A Tour Guide's View To John Blanke
Tour guides who work around London need to know everything about everything. All over London there is history that is revealed to the tourist as they walk around with their guide. The guide stops at each stop and points out something which has a history to it and which they hope the tourists will find interesting.
Imagine then what you would point out to someone who is on a tour with you about John Blanke. John Blanke has been part of London's history since around the 1500s - but how many people have heard of him? Who was he? What did he do to become famous? Why is a tour guide talking about him?
The 1511 Westminster Tournament Roll is a roll that records the joust called by Henry VIII in February 1511 to celebrate the birth of his son with Catherine of Aragon. Although Henry is the undisputed central figure, the figure that has come to the fore nowadays is that of John Blanke, Henry's black trumpeter.
Not only does he appear on entry with the rest of the King's musicians, he also appears on exit, therefore the only identifiable person (other than the King) to appear twice on the roll. Although the roll is dedicated to the King, his double appearance on the roll ensures that he stands out from the crowd. The other reason he stands out is he is the only musician wearing a turban of sorts. He's clearly styled his turban to what suits him and feels comfortable wearing it. He's a man who likes to be different. Whether he likes it or not he stands out purely based on the colour of his skin - which he knows. He is wearing the same uniform as the others therefore it is clear that he isn't just someone who has stumbled upon this event and joined in. He's also carrying the King's standard. In effect he's "one of them". He fits in with everyone else, he's doing what everyone else is doing i.e. celebrating the birth of the King's son. He's not different; he's the same. His needs and wants are the same as everyone else.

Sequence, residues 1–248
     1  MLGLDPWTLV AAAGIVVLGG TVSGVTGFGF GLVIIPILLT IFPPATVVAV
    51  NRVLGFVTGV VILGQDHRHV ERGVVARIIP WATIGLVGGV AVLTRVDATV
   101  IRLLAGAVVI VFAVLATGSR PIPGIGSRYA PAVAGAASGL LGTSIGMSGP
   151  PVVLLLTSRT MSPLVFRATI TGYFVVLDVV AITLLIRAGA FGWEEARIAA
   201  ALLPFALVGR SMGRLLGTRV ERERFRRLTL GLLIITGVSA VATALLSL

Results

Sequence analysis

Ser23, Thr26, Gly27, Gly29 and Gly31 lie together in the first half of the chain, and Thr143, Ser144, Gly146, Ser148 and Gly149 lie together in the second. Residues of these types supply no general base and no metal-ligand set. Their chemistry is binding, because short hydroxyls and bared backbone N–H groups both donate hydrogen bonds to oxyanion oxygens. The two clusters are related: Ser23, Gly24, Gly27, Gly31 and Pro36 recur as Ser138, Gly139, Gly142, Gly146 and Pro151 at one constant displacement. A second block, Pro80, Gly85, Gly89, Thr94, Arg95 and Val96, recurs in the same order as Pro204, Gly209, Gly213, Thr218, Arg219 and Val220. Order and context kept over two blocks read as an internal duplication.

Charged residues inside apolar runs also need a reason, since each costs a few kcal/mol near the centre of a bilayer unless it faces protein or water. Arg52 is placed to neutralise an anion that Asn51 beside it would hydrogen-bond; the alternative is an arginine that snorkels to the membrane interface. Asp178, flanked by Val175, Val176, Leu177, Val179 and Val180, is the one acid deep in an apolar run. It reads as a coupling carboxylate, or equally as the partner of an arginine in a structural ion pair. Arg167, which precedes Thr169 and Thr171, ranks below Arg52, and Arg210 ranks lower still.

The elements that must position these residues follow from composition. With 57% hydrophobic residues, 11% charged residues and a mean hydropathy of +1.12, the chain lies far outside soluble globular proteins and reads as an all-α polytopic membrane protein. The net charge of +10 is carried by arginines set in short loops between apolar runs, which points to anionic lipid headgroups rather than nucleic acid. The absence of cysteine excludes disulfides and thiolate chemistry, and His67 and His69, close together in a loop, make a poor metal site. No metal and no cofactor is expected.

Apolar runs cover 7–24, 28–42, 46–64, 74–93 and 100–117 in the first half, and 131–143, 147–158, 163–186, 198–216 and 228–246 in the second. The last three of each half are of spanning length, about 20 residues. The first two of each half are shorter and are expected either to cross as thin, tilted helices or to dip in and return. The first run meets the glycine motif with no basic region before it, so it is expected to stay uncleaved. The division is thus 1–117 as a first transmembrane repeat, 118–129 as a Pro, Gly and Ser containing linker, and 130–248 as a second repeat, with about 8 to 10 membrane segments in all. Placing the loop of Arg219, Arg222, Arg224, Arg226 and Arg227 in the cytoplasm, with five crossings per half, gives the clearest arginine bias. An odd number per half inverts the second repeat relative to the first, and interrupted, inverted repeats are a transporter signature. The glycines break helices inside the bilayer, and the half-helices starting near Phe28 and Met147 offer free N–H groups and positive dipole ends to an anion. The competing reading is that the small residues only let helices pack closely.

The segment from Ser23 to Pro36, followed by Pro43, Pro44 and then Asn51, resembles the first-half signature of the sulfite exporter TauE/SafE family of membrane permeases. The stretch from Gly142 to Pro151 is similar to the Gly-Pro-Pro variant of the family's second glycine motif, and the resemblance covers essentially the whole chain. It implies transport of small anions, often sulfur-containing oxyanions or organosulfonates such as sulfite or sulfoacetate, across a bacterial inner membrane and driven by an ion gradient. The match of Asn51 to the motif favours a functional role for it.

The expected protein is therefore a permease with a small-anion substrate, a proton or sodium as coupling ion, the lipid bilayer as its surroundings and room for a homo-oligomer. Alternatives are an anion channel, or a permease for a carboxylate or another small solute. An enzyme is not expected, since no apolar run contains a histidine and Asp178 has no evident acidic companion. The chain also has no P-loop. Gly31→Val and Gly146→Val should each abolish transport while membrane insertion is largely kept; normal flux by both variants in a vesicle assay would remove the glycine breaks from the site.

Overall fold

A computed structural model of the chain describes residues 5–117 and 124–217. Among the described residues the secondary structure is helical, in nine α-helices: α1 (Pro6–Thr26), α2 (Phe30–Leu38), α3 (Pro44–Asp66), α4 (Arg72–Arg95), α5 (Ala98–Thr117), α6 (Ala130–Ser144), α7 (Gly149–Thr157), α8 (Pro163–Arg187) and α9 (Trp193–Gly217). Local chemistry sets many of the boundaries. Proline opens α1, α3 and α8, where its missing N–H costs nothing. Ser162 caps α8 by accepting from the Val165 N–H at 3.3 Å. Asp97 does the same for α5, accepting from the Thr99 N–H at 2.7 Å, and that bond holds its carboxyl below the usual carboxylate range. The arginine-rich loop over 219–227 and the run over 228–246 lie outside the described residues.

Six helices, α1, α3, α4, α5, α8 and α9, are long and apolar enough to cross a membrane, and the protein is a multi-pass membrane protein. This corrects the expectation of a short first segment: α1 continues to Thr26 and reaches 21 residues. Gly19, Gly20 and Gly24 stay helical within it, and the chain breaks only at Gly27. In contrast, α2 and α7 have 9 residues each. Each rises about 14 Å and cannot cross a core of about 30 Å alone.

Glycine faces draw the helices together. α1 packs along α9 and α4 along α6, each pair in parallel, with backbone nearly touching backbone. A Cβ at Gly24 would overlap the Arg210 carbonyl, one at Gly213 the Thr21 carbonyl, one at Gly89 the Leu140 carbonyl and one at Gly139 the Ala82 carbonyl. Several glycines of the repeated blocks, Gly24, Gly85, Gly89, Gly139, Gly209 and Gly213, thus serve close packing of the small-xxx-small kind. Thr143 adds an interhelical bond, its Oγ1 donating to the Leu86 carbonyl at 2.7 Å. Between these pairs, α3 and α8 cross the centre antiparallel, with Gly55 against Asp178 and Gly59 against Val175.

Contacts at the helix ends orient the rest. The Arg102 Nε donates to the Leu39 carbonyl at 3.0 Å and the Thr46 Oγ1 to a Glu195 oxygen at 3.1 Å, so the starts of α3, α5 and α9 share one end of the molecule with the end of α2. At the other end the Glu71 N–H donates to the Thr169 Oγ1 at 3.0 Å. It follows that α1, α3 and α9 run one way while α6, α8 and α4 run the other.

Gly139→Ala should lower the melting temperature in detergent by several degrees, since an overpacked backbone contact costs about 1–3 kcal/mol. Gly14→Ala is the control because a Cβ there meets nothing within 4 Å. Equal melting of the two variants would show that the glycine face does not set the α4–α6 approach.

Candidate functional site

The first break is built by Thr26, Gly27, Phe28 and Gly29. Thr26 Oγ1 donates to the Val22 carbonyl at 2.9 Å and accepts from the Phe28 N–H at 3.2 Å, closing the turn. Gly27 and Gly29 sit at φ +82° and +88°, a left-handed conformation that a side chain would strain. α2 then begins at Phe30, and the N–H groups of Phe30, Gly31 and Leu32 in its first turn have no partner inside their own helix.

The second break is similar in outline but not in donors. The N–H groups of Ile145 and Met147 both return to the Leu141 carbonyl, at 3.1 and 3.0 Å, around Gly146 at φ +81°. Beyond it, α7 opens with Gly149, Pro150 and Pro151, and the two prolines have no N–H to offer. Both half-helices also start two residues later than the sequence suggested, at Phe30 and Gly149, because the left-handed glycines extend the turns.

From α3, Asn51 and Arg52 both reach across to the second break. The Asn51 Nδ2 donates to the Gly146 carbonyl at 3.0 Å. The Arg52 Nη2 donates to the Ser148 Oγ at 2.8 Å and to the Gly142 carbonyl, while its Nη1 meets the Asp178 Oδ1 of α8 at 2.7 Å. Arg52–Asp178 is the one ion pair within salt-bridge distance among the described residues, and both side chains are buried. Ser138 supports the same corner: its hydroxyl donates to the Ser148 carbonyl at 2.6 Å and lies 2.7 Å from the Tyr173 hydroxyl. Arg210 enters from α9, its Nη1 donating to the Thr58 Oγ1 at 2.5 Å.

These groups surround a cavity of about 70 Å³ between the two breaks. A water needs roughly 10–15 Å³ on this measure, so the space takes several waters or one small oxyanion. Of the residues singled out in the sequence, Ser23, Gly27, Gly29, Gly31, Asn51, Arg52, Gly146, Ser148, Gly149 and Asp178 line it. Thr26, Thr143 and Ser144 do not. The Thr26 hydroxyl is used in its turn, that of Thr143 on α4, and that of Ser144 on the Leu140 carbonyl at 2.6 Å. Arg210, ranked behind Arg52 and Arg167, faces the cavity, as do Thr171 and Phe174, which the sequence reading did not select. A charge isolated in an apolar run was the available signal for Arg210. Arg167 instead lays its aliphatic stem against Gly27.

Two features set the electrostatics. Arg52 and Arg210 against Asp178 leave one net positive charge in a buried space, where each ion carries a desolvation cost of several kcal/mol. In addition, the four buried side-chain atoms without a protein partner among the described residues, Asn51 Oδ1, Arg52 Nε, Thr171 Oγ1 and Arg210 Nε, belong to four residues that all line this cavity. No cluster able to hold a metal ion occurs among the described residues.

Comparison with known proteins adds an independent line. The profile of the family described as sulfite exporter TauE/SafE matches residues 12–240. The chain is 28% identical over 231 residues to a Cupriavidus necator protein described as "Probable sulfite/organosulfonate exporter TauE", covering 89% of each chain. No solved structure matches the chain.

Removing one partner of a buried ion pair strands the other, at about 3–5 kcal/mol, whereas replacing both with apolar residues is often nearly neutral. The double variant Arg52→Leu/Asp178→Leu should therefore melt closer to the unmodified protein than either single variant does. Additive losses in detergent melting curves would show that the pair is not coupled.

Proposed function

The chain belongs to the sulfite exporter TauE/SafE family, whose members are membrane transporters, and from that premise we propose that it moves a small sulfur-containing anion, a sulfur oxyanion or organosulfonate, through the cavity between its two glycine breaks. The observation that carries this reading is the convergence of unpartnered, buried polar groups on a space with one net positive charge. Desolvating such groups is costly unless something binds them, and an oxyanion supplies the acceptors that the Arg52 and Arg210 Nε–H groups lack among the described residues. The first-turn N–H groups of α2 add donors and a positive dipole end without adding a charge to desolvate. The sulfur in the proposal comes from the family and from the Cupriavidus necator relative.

In effect, John Blanke has become famous just because he was black. Famous for being black wouldn't become popular until some time later - so he was way ahead of his time without realising it!
Tour guides will need to do their research about this amazing character who lived in London at a time when it was thought there were no Black people in London, and those that were here were slaves, yet here we find one in the King's court. How would that go down with the UKIP voter of today I wonder?
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